James performance against Ramy Ashour in the final was incredible.  Actually it was inspiring.  Having watched the match on I was so impressed not only with James play but with his strategy.  He came in with a plan to contain Ramy, stuck with it, played beautifully and did what most thought he would not – win.

James’ use of height was what really won him the match.  If he was under any duress at all he got the ball high and in to the back corner and really limited Ramy’s ability to attack.  Tied together with James use of height was his use of the straight ball.  High, soft and straight balls that Ramy had to let pass.  When Ramy tried to pick up the tempo James was able to deal with it when needed and would slow it back down with the lob.  His accuracy on the lob was terrific.  He managed to get it over Ramy and forced him to let it drop and did not over hit them either having them come off the back wall.

How effective was James in executing his game plan?  How many nicks did Ramy hit? First report was none but there was one in the second game that was in back court.  Even that was not a roll out nick.  It took a funny bounce when it hit the nick and James could not get it back.  Not actually hitting the nick though could just be Ramy being off.  What really tells the tale of how effective James was how many front court nick attempts did Ramy even attempt?  I have not gone through and counted them but there were very few attempts. Why?  Simply put James hardly ever gave him the ball where Ramy could attempt it.

Congratulation to James Willstrop on winning the North American Open and on regaining the #1 ranking on the PSA Tour.  The North American Open was the first time in months where all of the top players in the world were in the draw.  James came through brilliantly and truly showed the quality of player he is.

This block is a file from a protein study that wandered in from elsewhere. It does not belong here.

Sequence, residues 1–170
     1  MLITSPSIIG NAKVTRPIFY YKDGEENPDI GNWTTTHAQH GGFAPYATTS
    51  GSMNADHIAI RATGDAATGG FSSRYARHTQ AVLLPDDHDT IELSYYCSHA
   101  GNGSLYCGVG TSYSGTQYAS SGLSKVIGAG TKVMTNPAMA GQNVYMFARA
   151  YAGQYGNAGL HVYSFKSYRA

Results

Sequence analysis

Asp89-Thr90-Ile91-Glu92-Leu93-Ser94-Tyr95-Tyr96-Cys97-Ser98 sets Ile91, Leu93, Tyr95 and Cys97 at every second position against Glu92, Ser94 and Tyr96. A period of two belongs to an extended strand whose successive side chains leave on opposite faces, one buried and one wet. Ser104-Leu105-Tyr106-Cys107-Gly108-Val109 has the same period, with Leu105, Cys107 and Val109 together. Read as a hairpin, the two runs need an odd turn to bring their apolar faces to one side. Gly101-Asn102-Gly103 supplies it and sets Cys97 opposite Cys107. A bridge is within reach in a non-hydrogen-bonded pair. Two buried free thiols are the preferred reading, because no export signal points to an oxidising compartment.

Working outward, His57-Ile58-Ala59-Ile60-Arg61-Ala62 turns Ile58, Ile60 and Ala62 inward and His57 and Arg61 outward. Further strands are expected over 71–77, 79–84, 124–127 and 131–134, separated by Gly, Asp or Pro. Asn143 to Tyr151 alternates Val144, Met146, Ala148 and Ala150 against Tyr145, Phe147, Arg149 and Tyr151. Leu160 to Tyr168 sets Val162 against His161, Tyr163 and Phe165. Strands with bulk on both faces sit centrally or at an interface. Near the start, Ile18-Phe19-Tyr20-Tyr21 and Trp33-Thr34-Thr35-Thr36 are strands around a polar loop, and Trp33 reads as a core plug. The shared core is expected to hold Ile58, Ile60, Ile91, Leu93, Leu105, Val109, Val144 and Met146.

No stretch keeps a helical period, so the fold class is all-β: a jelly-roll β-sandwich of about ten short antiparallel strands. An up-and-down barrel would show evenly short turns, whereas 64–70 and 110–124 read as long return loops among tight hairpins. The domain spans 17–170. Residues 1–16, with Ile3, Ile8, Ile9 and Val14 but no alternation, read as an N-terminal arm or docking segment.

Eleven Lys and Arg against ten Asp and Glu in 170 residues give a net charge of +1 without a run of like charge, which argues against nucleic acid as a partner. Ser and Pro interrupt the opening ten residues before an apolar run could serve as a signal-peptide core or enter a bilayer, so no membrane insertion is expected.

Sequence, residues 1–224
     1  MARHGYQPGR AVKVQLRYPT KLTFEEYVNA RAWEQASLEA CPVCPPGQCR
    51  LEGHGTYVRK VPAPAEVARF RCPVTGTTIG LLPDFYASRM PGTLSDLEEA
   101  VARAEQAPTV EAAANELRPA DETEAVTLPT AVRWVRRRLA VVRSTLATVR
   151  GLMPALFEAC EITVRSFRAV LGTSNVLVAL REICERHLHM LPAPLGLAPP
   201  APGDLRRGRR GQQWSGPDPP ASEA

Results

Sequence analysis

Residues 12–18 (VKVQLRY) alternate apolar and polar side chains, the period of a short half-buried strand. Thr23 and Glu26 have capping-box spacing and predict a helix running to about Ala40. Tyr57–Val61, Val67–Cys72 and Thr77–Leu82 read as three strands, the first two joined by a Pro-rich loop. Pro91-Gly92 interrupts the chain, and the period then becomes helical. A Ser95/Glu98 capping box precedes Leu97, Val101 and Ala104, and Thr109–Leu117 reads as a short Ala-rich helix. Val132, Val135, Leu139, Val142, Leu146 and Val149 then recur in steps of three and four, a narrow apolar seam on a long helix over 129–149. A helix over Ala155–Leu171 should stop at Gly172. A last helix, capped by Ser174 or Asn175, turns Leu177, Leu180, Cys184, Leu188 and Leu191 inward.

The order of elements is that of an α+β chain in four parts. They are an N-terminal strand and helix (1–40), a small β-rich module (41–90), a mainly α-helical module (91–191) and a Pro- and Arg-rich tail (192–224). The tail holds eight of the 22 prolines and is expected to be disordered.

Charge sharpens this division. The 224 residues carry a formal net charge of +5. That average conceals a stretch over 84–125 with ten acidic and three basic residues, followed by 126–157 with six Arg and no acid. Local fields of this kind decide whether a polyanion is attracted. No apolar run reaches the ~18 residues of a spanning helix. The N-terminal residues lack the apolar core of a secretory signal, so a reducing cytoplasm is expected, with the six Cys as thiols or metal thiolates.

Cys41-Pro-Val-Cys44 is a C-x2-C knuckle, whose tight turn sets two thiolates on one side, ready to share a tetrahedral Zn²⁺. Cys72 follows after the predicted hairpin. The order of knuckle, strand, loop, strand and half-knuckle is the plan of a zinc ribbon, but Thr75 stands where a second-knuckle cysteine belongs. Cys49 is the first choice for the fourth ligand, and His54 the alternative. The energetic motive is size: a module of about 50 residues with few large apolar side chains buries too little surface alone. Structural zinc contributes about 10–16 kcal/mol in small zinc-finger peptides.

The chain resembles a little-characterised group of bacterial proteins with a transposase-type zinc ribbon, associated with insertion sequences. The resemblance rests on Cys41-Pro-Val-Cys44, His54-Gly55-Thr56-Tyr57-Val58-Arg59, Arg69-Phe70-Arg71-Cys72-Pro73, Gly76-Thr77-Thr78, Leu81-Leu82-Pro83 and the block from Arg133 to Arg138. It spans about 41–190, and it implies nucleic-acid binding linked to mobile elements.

James Willstrop is a Prince sponsored played and plays with the Prince EXO3 Rebel Squash Racquet.

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Swing Like a Pro

The swing is one of the most important and scrutinized aspects of every player’s overall game. Good technique allows a few important things to develop in your game: consistency in ball striking, ability to hit the ball from compromised positions, and deception.  It is something that cannot be swept under the carpet; you will struggle to pass a ‘C’ level of play if you have major technical deficiencies. Most errors ultimately come from some sort of technical miscue.

One of the best ways to improve your technique is by watching top players and analyzing theirs. Be wary of trying to copy the aesthetics of your favourite pro’s swing though. Ramy Ashour, for example, has a swing that no one would ever teach a beginner. He has superhuman wrist strength and racquet head speed, and takes almost no backswing. Nick Matthew is another example of someone with a slightly unorthodox swing. However, there are some key points you can take from almost any top player. I think anyone can incorporate the following five tips into their swing while maintaining some individual flair: